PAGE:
Nursing Attributes

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This paper will discuss three attributes of a nurse: competencies, commitment and

compassion with a rational. Ethics / Human rights and communication concepts across

the human life span will also be discussed.

The three attributes were chosen on the basis that it takes a special type of person to

fulfil these requirements. Zhang et al (2000,pg 469) quoted that the -

‘ … Key differences between superior and average

job performance is not the measurable skills but the

soft skills or competencies.’

Competence is a persons underlying knowledge and attributes to complete a task to

meet job requirements. Nursing competencies are regarded as knowledge, skills, traits,

motives and attributes such as boundaries of care and knowing your own limitations

so you do not cause harm to a patient. Another is the logical order of care given, for

example the 5 rights / 5 corrects of medical administration:- right patient,

right time, right drug, right dose, and right route.

Its commitment to the job and to the patient that allows for flexibility in the logical

order of care as no two patients will ever be the same. Commitment in nursing is said

to be a bond - physically, intellectually and emotionally to their job and to the patient

such as giving the patient ample opportunity to ask questions about their care or any

anxieties they may have, sometimes going back to them three of four times a day to

ask how they are doing. Patients will appreciate this as they are aware that nurses are

busy or short-staffed on the ward and often feel uncomfortable asking for help or

advice. Fosbinder (1994) highlighted four points on patient concern - translation of

knowledge, getting to know the patient, establishing trust and ’going the extra mile.’

‘Going the extra mile’ could be and often is seen as a mixture of commitment and

compassion.

Compassion is often seen as an ability to empathise with another’s experiences and

feelings while recognising that the nurse can not fully understand or comprehend due

to the differences in their own experiences and personalities.

‘…compassion promotes equality as experiencing

compassion suggests an inherent regard and respect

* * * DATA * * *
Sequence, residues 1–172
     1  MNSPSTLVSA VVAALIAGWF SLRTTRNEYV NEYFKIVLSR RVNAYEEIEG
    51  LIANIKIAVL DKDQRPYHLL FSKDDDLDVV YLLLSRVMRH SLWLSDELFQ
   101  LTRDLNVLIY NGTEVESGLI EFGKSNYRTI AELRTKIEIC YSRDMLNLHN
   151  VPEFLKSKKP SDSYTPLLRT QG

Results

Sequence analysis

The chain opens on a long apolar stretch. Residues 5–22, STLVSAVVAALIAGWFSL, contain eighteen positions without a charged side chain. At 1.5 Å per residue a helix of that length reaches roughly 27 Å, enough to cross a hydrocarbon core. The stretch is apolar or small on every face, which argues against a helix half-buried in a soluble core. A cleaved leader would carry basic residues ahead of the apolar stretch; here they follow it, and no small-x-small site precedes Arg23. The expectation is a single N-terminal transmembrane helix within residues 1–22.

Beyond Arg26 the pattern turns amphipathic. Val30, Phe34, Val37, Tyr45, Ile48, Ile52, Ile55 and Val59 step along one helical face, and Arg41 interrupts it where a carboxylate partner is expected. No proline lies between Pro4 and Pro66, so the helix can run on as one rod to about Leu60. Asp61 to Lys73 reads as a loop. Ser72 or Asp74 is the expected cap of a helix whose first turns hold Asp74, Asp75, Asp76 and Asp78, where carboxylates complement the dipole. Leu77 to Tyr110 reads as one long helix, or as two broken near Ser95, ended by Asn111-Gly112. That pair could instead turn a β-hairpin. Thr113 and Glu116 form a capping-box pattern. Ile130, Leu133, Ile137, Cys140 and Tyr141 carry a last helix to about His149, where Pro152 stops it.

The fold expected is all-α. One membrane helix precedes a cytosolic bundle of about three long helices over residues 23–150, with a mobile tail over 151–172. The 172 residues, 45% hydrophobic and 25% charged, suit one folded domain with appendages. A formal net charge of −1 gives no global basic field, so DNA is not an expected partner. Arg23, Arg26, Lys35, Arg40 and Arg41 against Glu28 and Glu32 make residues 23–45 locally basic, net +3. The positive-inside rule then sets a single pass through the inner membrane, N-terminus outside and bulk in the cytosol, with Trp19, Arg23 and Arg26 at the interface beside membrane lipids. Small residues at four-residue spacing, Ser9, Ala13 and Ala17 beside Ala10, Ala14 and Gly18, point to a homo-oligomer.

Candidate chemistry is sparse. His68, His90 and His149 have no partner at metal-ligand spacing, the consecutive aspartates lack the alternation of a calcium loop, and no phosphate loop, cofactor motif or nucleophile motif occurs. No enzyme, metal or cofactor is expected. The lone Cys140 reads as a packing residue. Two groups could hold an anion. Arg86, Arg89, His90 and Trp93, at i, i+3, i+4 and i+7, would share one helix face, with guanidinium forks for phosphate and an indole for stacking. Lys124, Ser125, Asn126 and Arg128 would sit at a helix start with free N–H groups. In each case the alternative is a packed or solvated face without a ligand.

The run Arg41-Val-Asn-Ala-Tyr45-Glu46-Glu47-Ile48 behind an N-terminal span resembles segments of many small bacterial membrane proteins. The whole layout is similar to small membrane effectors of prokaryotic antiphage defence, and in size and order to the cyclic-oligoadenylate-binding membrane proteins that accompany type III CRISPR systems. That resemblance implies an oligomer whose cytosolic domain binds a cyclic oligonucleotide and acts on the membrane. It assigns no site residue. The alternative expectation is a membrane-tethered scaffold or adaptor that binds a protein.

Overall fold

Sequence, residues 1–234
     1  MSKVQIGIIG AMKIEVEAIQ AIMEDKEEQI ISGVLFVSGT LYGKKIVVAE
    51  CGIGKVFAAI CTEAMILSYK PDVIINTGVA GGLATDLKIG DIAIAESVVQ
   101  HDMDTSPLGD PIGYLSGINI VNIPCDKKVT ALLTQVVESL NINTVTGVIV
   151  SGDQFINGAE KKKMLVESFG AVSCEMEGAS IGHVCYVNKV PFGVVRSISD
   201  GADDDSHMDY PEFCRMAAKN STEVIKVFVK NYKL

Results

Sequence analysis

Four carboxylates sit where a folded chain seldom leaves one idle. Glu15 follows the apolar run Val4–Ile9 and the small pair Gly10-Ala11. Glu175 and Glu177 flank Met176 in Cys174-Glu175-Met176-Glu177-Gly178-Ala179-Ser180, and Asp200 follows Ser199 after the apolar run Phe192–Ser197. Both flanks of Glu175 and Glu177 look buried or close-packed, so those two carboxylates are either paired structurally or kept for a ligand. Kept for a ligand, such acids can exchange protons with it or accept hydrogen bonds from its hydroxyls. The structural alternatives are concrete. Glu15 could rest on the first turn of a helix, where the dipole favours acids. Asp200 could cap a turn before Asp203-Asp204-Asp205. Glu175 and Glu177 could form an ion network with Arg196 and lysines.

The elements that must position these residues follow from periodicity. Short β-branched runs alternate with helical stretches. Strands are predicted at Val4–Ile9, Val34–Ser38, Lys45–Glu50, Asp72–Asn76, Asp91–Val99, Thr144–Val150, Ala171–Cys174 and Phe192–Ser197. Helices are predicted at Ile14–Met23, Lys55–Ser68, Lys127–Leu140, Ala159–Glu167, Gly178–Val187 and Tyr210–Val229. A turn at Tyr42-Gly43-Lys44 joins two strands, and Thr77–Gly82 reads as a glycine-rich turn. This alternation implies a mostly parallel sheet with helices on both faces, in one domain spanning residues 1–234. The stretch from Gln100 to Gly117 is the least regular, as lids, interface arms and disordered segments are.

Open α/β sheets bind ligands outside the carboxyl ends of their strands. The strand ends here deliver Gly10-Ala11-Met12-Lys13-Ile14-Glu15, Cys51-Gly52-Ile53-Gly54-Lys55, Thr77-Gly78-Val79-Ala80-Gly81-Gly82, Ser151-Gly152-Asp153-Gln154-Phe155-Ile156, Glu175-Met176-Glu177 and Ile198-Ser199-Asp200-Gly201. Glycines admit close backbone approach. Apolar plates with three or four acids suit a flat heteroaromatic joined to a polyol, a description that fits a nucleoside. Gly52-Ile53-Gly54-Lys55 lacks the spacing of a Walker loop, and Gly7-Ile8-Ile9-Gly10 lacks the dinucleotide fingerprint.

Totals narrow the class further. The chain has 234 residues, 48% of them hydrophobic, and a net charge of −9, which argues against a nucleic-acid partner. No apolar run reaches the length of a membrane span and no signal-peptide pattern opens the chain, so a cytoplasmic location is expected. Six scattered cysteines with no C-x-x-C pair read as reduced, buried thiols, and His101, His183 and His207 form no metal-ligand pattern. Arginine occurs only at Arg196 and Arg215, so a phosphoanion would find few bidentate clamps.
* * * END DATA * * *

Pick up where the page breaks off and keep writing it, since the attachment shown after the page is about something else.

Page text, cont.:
for the other as a fellow human being…’

(Sabo 2006, pg136)

Compassionate people show characteristics like virtue, concern for the well-being of

others and in nursing to relieve the suffering of patients while retaining the patient’s

dignity. Being compassionate or showing compassion can often come across as

paternalism. This is a difficult area for most nurses as they want the patient to become

Independent, healthy and live a long and healthy life. It is easy to think ‘I have more

knowledge therefore I know best’ but this is unethical and the patients right to

autonomy is undermined.

Ethics is often regarded as a person’s morals or moral choices. But it is also widely

used in nursing as the patient’s Human Rights. This is listed predominantly in the

nursing and midwifery councils (NMC) code of conduct, which is known as medical

ethics. The NMC says that each adult patient has the right to Autonomy, the right to

be self governing and make choices for their own care, the right to have Dignity, not

to feel patronised or disrespected in anyway. The patient should have Trust that the

nurse/ medical establishment will do what they can to help the Patient and do no harm

within the boundaries of the patients autonomy.

The NMC clearly states:

‘You must respect and support peoples rights to accept

Or decline treatment and care.’

‘You must uphold peoples rights to be fully involved

In decisions about their care.’

(The Code, NMC, Pg 4, 2008)

All nurses must adhere to the NMC The Code (formally known as the code of

conduct)

‘You must ensure any advise you give is evidence...
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